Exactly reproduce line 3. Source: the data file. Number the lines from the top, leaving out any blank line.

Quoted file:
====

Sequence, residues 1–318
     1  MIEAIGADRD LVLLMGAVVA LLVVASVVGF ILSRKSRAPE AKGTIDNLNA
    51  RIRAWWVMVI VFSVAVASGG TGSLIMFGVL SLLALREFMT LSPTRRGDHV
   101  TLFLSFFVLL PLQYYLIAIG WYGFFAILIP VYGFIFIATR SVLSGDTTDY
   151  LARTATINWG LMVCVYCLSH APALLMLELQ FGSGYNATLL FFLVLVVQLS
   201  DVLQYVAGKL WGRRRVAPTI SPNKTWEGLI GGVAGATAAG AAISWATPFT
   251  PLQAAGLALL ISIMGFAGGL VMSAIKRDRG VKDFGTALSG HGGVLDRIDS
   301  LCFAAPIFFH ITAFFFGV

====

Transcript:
    51  RIRAWWVMVI VFSVAVASGG TGSLIMFGVL SLLALREFMT LSPTRRGDHV